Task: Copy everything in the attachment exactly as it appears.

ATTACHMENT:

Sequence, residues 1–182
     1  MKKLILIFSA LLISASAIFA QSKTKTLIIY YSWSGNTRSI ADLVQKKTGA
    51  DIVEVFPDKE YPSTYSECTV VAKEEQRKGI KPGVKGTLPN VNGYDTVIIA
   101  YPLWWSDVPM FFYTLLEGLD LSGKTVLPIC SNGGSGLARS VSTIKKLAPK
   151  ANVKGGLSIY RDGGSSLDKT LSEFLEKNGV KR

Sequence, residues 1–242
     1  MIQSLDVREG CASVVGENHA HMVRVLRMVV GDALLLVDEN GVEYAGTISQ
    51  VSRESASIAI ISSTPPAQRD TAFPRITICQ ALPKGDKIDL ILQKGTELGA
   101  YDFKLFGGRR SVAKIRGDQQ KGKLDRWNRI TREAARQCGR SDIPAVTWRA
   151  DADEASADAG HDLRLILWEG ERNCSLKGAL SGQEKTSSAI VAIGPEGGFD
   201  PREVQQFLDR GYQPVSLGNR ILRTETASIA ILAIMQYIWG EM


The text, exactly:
Sequence, residues 1–182
     1  MKKLILIFSA LLISASAIFA QSKTKTLIIY YSWSGNTRSI ADLVQKKTGA
    51  DIVEVFPDKE YPSTYSECTV VAKEEQRKGI KPGVKGTLPN VNGYDTVIIA
   101  YPLWWSDVPM FFYTLLEGLD LSGKTVLPIC SNGGSGLARS VSTIKKLAPK
   151  ANVKGGLSIY RDGGSSLDKT LSEFLEKNGV KR

Sequence, residues 1–242
     1  MIQSLDVREG CASVVGENHA HMVRVLRMVV GDALLLVDEN GVEYAGTISQ
    51  VSRESASIAI ISSTPPAQRD TAFPRITICQ ALPKGDKIDL ILQKGTELGA
   101  YDFKLFGGRR SVAKIRGDQQ KGKLDRWNRI TREAARQCGR SDIPAVTWRA
   151  DADEASADAG HDLRLILWEG ERNCSLKGAL SGQEKTSSAI VAIGPEGGFD
   201  PREVQQFLDR GYQPVSLGNR ILRTETASIA ILAIMQYIWG EM